While First Lady Jill Biden’s “breakfast taco” debacle from Monday has shined a very unflattering spotlight on the Democratic party’s growing inability to connect with average Hispanic Americans, an opinion piece published at CNN that was critical of GOP Latinas is also raising some eyebrows.
Attorney Raul A. Reyes, an NBC Latino contributor who writes opinion columns for CNN and who is also on the board of contributors for USA Today, penned a piece for CNN Tuesday in which he declared that conservative Latina women like newly elected Texas Congresswoman Mayra Flores are “not the real deal” because their views allegedly are not “an authentic reflection of Latino voters”:
Conservatives are heralding them as “real deal” Republican candidates. These three Latinas are proof the GOP is capable of winning over Latino voters. Three Latinas hail from South Texas are Mayra Flowers, Monica De La Cruz and Cassy Garcia, all of whom are running for Congress in the districts bordering Mexico.
Flores was the first Mexican-born female to become a member of Congress. The women are proving that Latinos tend to vote Democratic, a fact which has attracted national attention. As Garcia recently told The New York Times, “The red wave is here.”
The rise of Flores De La Cruz, Garcia and Garcia needs to be seen within context. These Latinas are having a moment of fame, but they have views that go beyond the Latino mainstream. They are more of a PR coup for the GOP that reflects Latino voters.
Reyes then proclaimed that Flores, De La Cruz and Garcia were staunchly conservative on issues like abortion, gun control, and immigration before trying to make the case that “most Latinos” think otherwise according to select polls, which in his view meant that the “red wave” among Hispanics was a GOP-generated myth.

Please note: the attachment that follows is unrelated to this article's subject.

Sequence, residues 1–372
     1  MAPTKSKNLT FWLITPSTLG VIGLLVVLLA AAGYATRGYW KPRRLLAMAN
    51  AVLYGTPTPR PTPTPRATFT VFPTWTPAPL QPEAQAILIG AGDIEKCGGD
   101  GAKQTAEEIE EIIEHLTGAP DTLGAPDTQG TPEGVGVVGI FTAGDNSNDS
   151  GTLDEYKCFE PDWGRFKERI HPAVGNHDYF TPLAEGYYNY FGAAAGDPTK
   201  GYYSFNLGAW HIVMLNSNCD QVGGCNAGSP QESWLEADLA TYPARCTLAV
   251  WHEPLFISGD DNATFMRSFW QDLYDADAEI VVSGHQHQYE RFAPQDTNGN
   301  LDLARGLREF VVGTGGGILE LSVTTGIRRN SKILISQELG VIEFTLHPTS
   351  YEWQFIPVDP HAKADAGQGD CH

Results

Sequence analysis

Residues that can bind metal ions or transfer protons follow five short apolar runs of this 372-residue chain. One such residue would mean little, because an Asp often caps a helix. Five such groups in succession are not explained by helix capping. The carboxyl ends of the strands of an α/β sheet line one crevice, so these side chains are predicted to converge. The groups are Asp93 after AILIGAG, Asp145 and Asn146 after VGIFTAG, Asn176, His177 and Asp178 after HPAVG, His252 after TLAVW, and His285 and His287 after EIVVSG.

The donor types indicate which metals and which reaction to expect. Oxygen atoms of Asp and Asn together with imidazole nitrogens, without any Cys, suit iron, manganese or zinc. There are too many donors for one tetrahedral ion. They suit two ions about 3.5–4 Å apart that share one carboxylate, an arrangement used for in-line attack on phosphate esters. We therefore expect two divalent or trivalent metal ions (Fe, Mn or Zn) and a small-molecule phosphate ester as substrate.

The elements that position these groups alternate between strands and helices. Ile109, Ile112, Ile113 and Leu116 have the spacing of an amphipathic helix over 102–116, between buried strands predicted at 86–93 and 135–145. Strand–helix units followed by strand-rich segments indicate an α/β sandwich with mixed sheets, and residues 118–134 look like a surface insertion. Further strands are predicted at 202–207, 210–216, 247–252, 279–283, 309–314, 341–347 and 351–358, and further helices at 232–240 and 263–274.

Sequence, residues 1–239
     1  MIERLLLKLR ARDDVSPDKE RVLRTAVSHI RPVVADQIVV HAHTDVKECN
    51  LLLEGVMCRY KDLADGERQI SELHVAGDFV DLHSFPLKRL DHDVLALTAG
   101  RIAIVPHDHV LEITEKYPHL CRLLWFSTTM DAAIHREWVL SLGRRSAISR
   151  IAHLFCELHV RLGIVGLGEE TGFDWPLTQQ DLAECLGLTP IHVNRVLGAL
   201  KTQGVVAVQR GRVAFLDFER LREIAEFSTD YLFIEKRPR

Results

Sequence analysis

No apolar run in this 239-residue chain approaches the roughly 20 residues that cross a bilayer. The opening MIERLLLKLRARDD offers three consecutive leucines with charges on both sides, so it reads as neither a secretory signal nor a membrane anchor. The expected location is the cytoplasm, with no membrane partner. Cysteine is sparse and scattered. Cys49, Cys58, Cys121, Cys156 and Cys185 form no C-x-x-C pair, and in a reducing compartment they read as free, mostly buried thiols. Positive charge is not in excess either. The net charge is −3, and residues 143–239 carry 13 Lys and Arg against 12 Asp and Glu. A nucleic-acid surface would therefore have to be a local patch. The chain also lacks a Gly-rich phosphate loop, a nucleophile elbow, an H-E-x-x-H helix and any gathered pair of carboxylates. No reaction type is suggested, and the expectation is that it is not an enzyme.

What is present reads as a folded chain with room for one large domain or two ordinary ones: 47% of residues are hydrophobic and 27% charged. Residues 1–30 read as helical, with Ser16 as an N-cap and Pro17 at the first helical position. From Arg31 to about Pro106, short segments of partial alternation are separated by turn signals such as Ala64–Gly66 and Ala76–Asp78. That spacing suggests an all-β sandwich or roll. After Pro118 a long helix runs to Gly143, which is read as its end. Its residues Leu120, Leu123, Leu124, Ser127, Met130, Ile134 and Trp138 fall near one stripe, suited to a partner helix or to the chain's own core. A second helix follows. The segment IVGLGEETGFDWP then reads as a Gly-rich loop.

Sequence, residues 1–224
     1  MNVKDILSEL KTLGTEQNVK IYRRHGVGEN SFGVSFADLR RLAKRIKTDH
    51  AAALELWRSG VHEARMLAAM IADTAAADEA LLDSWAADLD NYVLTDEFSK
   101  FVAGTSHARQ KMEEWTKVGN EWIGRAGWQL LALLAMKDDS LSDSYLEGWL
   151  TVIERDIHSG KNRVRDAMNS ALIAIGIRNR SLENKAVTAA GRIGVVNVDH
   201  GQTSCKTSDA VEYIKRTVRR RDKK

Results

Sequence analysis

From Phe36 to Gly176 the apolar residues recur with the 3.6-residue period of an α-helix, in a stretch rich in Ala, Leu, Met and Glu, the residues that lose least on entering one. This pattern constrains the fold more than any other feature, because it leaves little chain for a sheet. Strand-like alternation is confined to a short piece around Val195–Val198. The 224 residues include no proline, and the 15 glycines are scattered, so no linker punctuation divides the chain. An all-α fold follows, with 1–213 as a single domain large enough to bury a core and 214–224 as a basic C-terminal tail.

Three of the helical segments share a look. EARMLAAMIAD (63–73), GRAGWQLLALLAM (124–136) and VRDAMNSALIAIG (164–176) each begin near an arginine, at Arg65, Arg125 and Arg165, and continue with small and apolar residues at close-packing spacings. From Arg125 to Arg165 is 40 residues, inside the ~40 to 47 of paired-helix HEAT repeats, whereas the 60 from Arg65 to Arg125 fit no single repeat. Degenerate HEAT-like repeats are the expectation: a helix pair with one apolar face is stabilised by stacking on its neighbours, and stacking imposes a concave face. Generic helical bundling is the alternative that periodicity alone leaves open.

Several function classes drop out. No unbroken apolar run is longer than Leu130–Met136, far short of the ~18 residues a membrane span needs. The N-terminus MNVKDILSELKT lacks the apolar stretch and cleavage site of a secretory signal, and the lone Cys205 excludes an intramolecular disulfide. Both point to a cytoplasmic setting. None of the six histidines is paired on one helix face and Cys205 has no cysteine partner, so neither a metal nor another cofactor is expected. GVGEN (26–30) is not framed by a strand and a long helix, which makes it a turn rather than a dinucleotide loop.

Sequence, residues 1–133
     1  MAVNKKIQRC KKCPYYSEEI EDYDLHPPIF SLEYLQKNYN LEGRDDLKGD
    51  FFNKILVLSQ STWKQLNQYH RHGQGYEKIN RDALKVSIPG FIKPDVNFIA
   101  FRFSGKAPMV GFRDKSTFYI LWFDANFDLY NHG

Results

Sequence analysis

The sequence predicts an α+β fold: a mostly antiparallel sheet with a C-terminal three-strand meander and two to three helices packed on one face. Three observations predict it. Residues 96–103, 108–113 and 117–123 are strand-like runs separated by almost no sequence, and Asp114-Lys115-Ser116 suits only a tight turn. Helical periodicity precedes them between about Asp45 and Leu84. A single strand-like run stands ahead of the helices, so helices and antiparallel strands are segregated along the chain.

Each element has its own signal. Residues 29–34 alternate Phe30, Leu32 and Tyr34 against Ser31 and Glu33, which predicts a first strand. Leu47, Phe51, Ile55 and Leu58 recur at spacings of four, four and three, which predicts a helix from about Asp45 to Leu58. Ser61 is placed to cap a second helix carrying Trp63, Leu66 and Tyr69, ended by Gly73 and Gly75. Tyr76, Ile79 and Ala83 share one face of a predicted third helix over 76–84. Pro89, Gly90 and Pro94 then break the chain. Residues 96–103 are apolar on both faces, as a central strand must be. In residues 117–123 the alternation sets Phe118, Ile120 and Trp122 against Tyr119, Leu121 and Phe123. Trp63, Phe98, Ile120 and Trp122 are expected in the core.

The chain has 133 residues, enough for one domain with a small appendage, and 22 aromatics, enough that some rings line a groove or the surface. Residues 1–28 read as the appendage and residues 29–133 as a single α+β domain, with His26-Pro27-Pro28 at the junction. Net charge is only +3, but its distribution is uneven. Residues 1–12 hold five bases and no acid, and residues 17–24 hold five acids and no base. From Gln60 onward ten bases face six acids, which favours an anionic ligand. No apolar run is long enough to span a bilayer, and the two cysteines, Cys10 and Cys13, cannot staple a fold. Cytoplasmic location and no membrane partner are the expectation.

In a tweet posted in response to Reyes’ argument, Flores quipped that maybe she wasn’t “the right type of taco”:
CNN says I am not the real deal
Perhaps my tacos are not right for me😅 pic.twitter.com/ORfN9BKtrb
— Mayra Flores (@MayraFlores2022) July 12, 2022
Just last week, the New York Times also hit out at Flores, De La Cruz, and Garcia, all of who the paper called members of the “far-right,” which is media speak for “any member of a minority group who does not march lockstep with Democrat party dogma.”
Flores told Fox News in a statement after the NY Times hit piece was published that she’s used to these kinds of media attacks and that she would not let them deter her from holding Democrat politicos who have failed “my people” to account:
“I am proud of my culture and my beautiful family,” Flores, De La Cruz and Garcia as examples of ” told Fox News Digital in a text. “I was born in Burgos, Tamaulipas, Mexico, and raised with strong Conservative values to always put God and Family first. I’ve been subject to hateful comments from liberal media. [been]The left told them to return to Mexico. They don’t support us immigrants, they only use us for political power and don’t care about our well-being. I am here now and I won’t allow them to continue taking advantage of my people.”
In my view, what Reyes seems to not get (whether intentionally or not) is that no one is arguing that “most” Hispanic voters feel one way or another about abortion, gun control, and immigration. The argument is that Hispanic voters don’t have a single viewpoint, as Democrats and other media aides made it out to be.
They have different ideas about what priorities our elected officials should follow. This is happening in Florida and other parts of the nation, where Hispanic voters are abandoning Democrats more frequently.
We’ve also seen it in the southern part of Texas, where concerns about Democrats prioritizing so-called climate change and obsessing over “woke” dogma over jobs and education has turned off a growing number of Hispanic voters.
No, there’s not a Hispanic voter exodus everywhere in this country, but even in places like California they are growing more dissatisfied with what Democrats have to offer, as evidenced by the recall election to replace Gavin Newsom. Though unsuccessful, that election, too, sent warning signs to Democrats that they better stop assuming they’ll always have their votes in their pockets.
Obviously, Democrats like Reyes haven’t listened.